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Sorry no longer seems to be the hardest word when it comes to questions on coronavirus

First Minister Nicola Sturgeon.
First Minister Nicola Sturgeon.

The destructive and tragic sweep of the coronavirus through Scotland’s care homes continued to dog Nicola Sturgeon when she stood up at Holyrood’s First Minister’s Questions.

“This is a really serious issue,” admitted Ms Sturgeon as she endured the first volley in what was to become a two-pronged attack from Ruth Davidson of the Tories and Labour’s Richard Leonard.

Following up the disclosure that dozens of patients who had tested positive for the virus were transferred from hospital into care homes, Ms Davidson asked when the Scottish Government had known this was happening?

Ms Sturgeon’s answer was that ministers had put in place guidance but did not know of the “individual clinical decisions” that had led to the discharge of hospital patients.

Ms Davidson tried again. “At no point did the first minister actually confirm or deny that anyone in her government knew, or when they knew,” Ms Davidson said.

Ruth Davidson, Tory Holyrood leader.

Ms Sturgeon accused the Scottish Conservatives Holyrood leader of not listening carefully enough to her answer, a point she made with “the greatest respect” – always a sign that things are getting tetchy.

The tetchiness escalated when Ms Sturgeon made what is likely to become a weekly dig at Ms Davidson for declining to stand at May’s Scottish election and taking up a seat in the House of Lords.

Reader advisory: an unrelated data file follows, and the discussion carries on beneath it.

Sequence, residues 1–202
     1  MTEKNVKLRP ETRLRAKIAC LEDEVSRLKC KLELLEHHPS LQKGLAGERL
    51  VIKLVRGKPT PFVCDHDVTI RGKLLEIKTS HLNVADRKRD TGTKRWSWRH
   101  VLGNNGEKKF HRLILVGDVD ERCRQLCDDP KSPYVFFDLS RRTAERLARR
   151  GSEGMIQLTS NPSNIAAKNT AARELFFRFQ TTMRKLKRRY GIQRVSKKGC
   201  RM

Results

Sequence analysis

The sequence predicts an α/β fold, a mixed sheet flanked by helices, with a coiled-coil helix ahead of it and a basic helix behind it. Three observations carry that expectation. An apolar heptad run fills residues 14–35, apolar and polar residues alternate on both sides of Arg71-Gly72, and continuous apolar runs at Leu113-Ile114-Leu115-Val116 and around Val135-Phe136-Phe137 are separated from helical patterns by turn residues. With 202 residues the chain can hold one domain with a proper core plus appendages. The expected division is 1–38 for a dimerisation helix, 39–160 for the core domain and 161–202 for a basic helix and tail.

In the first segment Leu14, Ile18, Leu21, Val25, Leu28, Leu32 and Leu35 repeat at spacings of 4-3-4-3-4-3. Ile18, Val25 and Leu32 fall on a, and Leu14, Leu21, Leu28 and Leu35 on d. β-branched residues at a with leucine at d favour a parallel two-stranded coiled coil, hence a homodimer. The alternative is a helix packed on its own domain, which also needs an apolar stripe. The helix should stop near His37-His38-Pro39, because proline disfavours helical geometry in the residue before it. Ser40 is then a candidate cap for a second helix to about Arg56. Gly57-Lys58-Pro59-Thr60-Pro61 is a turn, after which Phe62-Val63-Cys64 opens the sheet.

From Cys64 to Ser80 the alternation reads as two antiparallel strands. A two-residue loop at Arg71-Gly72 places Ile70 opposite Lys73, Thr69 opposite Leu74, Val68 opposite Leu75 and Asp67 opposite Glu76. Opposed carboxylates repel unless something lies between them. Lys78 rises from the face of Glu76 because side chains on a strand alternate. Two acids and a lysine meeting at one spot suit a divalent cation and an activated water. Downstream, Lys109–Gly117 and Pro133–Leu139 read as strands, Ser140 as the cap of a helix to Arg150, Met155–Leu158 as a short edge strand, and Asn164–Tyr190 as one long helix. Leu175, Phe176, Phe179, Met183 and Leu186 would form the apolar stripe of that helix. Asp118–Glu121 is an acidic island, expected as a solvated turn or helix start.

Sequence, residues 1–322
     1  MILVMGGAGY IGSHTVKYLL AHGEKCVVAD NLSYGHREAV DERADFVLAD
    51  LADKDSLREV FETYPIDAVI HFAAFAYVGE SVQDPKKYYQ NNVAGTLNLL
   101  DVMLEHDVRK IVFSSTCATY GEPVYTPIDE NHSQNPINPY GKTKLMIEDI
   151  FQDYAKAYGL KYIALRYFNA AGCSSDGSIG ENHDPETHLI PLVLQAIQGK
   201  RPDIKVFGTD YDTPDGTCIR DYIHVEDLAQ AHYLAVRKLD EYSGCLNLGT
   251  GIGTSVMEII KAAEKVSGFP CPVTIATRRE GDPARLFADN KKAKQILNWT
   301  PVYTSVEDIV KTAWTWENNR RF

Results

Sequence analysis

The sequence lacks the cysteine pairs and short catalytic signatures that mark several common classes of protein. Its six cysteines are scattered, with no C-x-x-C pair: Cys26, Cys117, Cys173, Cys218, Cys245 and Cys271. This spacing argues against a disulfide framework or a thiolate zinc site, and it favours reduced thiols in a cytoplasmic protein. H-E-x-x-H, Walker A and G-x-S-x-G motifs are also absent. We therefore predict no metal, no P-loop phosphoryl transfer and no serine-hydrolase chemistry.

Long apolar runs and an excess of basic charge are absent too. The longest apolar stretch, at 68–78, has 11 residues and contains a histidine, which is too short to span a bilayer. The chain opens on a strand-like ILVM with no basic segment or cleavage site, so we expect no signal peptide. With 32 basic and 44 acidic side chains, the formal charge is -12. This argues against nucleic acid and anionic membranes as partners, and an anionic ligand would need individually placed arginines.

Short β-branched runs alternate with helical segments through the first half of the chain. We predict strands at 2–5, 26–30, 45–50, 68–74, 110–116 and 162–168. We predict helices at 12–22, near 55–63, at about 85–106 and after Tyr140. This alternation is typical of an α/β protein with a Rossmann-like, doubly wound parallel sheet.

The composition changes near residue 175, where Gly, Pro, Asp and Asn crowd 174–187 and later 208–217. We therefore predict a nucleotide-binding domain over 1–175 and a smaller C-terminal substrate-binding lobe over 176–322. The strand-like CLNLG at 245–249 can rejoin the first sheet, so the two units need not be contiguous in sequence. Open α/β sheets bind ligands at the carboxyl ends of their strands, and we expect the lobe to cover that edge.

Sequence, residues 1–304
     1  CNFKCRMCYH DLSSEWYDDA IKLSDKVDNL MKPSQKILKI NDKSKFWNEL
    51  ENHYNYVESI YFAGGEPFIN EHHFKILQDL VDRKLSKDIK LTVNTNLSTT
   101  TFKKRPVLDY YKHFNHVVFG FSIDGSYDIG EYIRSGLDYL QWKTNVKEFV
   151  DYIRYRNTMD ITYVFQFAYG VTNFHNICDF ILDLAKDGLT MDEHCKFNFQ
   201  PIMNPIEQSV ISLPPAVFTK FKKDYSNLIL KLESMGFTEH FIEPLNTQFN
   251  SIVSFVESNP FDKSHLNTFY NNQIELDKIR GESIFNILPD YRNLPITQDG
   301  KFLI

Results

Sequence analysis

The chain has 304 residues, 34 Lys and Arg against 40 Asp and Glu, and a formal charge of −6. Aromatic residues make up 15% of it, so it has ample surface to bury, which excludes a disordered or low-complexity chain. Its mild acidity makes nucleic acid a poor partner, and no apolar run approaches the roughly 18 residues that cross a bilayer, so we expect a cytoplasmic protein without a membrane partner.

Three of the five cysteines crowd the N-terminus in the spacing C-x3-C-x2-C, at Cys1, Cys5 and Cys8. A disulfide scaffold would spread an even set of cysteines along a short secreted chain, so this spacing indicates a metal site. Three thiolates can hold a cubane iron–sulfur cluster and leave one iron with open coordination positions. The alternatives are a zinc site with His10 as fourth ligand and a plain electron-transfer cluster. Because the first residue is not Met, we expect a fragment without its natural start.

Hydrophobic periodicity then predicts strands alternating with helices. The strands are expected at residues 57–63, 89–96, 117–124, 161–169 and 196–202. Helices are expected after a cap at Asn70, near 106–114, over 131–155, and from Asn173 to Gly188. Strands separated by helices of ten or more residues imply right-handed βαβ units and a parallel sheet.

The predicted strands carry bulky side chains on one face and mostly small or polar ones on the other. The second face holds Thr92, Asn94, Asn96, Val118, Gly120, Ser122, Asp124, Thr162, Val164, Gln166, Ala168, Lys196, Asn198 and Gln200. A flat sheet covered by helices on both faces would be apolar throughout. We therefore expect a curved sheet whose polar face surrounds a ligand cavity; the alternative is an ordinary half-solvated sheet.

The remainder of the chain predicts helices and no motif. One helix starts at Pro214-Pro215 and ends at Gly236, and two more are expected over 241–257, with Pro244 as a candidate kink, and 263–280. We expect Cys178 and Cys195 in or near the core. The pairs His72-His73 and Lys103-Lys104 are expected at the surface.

“I know that Ruth Davidson is planning to leave democratic politics. But she has surely been in parliament for long enough to understand the separation of powers,” said Ms Sturgeon, giving her rival a little lecture on the constitution.

The first minister went on to criticise the Tories for abstaining in a committee vote to continue the Aberdeen lockdown. Her government, Ms Sturgeon said, did not have the “luxury of abstaining” as there were tough decisions to be made during the crisis.

The first minister said she would continue to discharge her responsibility to the “best of my ability”.

“Unlike certain other people, I will be held accountable for that by the electorate,” Ms Sturgeon added, to hammer home her point.

But the care homes issue came back to haunt the first minister when Mr Leonard began his questioning.

Richard Leonard, Scottish Labour leader.

Would the first minister accept full responsibility for what had happened in care homes? And would she apologise to residents, staff and grieving relatives?

“I stand up and take responsibility for every aspect of this government’s handling of the pandemic every day of the week,” Ms Sturgeon said. “I have said before, and will continue to say, that if the government has got it wrong at any stage, on any aspect of our handling of the situation, notwithstanding our best intentions, yes — I am sorry for that.”

At one time wringing an apology out of a politician was like drawing teeth, but the coronavirus crisis has changed that. Sorry no longer seems to be the hardest word.

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